In his new book, “My Conference Can Beat Your Conference: Why the SEC Still Rules College Football,” sports talk radio host and SEC Network analyst Paul Finebaum writes in great detail about Alabama head football coach Nick Saban.
In a lengthy excerpt from the book posted on The Wall St. Journal’s website over the weekend, Finebaum heaped praises on Saban, declaring that he could even “coach a lingerie football team to the Big Ten championship game.”
At the top of the SEC food chain is Alabama and the state’s favorite control freak: Nick Saban. Yes, he can be secretive, manipulative, socially insufferable, dictatorial and imperial. Your point is? All Saban has done is win three of the last five national championships. When the four-team playoff kicks in this season, Saban will figure out a way to win one of those, too. Give him enough time and he’d win ‘American Idol,’ the Iditarod and the North Dakota gubernatorial race.
And speaking of gubernatorial races, Finebaum immediately transitioned from that comment into his take on Saban’s standing with the Alabama electorate.
The next most influential man in his state is probably Governor Robert Bentley. But Saban is Nos. 1 through 10 on the list of Alabama power brokers. He would be in the top 10 even without his three national titles with the Crimson Tide. The position itself—head football coach at Alabama—gives you a platform of power. But because of the program’s wild success, Saban is the best-liked person in the state. He has the most visible job in the state, and given the religiosity with which Alabamans apply themselves to college football, Saban now has another title: the pontiff of pigskin.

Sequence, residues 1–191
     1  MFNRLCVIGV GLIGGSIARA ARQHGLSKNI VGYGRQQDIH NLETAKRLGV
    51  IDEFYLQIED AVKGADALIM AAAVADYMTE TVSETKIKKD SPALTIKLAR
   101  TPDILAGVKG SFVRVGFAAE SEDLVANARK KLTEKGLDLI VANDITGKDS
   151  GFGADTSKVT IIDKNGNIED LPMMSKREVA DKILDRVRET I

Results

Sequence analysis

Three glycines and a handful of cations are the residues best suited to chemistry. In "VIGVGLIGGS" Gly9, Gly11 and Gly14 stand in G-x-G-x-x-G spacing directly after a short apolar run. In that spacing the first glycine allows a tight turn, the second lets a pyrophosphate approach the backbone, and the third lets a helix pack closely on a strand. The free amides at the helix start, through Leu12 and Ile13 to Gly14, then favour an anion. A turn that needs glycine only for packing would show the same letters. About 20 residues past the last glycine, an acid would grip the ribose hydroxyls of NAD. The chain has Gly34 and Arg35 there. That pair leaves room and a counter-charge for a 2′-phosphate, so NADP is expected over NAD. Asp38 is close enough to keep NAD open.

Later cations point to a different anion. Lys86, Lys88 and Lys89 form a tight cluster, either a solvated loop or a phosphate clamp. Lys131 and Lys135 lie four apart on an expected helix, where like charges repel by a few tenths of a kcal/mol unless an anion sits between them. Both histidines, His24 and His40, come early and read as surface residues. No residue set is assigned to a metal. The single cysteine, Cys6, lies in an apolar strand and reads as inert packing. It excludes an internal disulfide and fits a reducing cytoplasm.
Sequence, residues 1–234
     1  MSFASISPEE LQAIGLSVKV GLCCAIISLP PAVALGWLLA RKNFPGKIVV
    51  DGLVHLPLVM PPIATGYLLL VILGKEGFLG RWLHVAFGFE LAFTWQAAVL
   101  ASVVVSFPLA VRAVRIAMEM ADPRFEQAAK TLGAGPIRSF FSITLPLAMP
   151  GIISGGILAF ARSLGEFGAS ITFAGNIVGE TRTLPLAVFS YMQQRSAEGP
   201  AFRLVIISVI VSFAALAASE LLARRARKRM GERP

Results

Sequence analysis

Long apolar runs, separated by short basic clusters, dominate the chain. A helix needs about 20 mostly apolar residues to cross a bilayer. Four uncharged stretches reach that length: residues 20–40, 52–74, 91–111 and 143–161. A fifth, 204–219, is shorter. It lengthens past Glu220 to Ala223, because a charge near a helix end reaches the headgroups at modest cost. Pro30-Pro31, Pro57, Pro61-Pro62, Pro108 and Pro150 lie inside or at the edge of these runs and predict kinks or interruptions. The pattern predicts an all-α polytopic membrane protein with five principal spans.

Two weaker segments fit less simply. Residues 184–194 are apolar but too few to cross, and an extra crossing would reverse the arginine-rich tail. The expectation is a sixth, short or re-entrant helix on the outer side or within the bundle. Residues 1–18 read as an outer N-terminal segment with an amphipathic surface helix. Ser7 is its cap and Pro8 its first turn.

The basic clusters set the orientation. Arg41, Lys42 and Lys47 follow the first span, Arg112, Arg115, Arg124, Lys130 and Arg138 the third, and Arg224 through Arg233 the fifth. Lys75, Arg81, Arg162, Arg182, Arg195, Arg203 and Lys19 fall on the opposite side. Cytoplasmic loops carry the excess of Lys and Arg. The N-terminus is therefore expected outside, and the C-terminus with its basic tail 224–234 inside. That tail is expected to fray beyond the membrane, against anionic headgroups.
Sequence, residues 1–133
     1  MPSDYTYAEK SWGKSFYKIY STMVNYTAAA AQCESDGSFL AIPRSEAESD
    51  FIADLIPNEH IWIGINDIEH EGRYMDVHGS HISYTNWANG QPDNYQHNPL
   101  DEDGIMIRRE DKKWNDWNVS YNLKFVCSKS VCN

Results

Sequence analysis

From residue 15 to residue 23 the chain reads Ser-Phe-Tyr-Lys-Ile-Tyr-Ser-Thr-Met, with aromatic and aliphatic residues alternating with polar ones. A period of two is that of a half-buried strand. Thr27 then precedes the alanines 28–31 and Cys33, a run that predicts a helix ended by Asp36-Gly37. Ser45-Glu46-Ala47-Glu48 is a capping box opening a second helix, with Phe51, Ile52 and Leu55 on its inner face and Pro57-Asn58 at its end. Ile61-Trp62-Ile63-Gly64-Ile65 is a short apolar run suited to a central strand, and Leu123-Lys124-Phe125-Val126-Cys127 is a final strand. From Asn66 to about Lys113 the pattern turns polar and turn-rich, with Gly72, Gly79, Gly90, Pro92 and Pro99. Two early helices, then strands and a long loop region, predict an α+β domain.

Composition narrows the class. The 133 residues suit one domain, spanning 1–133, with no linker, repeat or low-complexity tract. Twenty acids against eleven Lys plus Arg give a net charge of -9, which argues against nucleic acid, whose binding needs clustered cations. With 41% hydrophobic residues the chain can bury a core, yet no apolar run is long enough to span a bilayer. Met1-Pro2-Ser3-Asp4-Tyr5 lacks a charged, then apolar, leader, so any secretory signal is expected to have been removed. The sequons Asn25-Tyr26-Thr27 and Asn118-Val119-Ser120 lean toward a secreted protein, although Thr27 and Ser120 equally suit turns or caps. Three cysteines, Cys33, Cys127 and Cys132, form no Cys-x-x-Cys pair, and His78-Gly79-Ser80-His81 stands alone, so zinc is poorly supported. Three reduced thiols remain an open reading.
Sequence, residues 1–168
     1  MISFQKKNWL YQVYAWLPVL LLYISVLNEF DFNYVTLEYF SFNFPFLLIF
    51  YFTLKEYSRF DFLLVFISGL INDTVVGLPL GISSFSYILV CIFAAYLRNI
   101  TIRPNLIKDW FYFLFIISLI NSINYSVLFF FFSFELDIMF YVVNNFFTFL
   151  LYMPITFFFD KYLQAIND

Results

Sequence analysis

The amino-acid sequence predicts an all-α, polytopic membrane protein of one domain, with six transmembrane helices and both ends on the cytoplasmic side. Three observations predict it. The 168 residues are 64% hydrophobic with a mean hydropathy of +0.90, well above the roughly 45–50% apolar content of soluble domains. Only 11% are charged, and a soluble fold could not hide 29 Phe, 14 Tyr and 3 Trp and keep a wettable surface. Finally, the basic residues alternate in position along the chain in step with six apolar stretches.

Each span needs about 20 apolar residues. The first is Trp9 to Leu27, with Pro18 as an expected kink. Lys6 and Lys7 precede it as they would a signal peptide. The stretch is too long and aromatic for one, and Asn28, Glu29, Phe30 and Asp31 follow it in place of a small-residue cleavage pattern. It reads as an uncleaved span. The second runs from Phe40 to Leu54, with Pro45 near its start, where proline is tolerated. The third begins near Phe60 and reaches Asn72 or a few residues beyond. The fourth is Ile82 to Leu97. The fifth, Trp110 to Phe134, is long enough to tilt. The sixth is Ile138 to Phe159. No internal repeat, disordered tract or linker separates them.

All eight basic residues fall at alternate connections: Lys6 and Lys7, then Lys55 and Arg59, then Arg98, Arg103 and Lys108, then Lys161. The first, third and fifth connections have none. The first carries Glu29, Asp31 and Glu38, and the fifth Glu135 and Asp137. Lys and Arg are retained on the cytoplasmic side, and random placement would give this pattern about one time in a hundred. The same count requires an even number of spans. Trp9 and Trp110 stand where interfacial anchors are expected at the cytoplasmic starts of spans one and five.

This is not the first time Finebaum has stoked the fire of controversy between Saban and Alabama’s popular governor.
In 2012, Bentley seemed to question Saban’s play calling down the stretch in a tough loss to Texas A&M.
“I would actually have run the ball for four straight times,” Bentley said after Alabama abandoned the run and was stopped two yards short of the goal line in a 29-24 loss.
Finebaum played the clip incessantly on his radio program.
But both Saban and Bentley seem to be doing just fine. Alabama is once again ranked near the top of the pre-season rankings and Bentley is cruising toward a re-election victory in November.
So what do you think? Is Saban more powerful than Bentley? Let us know in the comment section below or by tweeting @YHPolitics.
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